Sprint Parent Company 'Basically Open To Anything' But Top Merger Choice Remains T-Mobile

SoftBank Group, the Japanese parent company that owns U.S.-based wireless provider Sprint, is ready to make a deal.

"T-Mobile is the one that would yield the most synergies, the most orthodox choice and we'd sincerely love to begin talks," SoftBank's CEO Masayoshi Son said during the company's earnings call on Wednesday.

Despite naming T-Mobile as its primary candidate as a potential merger partner, Son said that the company is "basically open to anything" and won't be limiting its options for its U.S. wireless unit.

[Related: Report: Softbank Willing To Give Up Sprint Control To Seal Merger Deal With T-Mobile]

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T-Mobile's CEO John Legere said during CES 2017 in January that the carrier would be open to "various forms of consolidation."

T-Mobile being bought by SoftBank will result in consumers and channel partners having fewer national wireless competitors to choose from, according to one telecom solution provider that requested anonymity. "We'll have to hope that T-Mobile doesn't get bought," an executive for the solution provider organization said.

Sprint is the fourth largest wireless provider in the U.S., having fallen behind T-Mobile in terms of subscriber base. But SoftBank has "real money," meaning that Sprint's owner has the means to strike a deal or put a large-scale merger proposal on the table, the solution provider executive said.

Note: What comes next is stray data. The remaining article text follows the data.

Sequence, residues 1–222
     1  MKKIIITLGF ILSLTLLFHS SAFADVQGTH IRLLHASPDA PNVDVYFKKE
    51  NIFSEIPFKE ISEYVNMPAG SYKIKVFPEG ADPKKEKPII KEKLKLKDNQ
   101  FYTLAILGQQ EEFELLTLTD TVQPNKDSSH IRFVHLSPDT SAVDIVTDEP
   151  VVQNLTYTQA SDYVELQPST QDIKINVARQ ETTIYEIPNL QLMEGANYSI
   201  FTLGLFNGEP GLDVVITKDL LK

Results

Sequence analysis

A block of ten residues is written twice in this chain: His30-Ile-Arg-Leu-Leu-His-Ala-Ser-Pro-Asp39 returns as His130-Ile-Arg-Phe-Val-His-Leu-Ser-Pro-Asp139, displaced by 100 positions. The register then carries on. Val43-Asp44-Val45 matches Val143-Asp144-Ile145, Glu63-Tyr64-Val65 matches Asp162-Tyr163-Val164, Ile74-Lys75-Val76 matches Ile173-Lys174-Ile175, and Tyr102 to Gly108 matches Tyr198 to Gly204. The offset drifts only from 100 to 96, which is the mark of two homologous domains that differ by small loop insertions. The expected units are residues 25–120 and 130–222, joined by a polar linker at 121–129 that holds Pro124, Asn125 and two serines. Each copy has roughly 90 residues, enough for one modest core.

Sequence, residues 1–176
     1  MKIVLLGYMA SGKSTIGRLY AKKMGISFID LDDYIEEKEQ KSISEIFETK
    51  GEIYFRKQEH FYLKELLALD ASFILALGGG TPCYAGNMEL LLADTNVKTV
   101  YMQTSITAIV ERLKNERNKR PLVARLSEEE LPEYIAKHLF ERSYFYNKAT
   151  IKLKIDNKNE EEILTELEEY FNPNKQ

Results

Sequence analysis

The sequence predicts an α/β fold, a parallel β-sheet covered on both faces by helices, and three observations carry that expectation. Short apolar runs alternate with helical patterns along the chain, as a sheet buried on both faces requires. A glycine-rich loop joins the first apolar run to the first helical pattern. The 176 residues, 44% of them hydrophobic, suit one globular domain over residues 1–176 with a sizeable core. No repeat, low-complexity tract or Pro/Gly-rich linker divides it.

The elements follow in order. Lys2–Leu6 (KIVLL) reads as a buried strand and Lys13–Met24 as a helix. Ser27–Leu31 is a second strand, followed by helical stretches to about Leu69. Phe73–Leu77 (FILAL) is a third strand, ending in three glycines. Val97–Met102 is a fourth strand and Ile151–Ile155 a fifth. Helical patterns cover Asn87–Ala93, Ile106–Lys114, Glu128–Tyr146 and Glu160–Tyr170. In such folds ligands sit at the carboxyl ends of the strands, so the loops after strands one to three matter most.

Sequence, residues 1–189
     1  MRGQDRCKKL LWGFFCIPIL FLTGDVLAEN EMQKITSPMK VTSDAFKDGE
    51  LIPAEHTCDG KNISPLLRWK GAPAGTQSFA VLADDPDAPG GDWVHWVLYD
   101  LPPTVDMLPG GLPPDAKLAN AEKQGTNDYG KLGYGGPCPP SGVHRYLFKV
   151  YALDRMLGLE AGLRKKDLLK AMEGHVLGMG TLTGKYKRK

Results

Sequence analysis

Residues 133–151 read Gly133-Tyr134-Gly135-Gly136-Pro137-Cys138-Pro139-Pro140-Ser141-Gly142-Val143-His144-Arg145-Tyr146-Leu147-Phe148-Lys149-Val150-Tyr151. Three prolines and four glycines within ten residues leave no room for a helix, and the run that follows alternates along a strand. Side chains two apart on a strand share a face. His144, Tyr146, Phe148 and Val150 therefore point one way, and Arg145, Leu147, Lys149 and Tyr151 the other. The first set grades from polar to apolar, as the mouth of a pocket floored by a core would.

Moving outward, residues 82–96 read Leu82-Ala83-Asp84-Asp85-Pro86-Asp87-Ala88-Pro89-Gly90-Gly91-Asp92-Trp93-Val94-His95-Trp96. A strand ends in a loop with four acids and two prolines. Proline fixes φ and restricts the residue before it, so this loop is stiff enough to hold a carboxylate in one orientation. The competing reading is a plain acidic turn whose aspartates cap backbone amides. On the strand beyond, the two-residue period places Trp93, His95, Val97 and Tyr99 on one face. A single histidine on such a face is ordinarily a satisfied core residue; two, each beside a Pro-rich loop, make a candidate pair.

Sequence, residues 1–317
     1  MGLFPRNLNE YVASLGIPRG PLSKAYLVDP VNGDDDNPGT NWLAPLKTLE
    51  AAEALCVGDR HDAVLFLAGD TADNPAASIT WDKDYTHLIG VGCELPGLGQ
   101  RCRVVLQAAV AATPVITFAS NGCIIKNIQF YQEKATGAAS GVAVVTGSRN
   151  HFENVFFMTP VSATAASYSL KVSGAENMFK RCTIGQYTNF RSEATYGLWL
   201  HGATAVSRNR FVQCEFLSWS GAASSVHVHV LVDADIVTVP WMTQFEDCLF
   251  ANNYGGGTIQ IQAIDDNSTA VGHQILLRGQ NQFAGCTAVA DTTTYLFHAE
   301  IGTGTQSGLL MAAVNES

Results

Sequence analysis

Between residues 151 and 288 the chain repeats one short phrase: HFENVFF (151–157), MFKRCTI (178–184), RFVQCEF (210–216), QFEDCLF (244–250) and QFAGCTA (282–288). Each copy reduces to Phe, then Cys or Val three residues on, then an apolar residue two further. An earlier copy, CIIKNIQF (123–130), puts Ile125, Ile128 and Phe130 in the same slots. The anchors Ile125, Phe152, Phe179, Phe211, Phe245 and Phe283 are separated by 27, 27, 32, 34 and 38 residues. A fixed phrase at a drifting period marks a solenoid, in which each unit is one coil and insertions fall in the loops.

Sprint, which has been reporting financial losses since 2007, reported a loss of $0.07 per share on $8.5 billion in revenue during Q1 2017. However, the wireless provider added 42,000 new postpaid phone subscribers during the first quarter.

One of the reasons that SoftBank is doubling down on its merger ambitions is the new regulatory climate in the U.S., according to Son. The current FCC, led by Republican chairman Ajit Pai, is more open to the possibility of a deal, he said.

SoftBank's merger attempt with T-Mobile failed in 2014 when the deal ran into regulatory hurdles under the Obama administration's FCC, which was led by Democratic chairman Tom Wheeler.

Now that the government's wireless spectrum auction is over, the quiet period that telecom providers have had to abide by has come to an end, making it possible to enter into M&A discussions.

News of SoftBank's potential merger plans sent both Sprint and T-Mobile's stock up early Wednesday morning, with Sprint up 2.7 percent and T-Mobile rising 3.8 percent during premarket trading.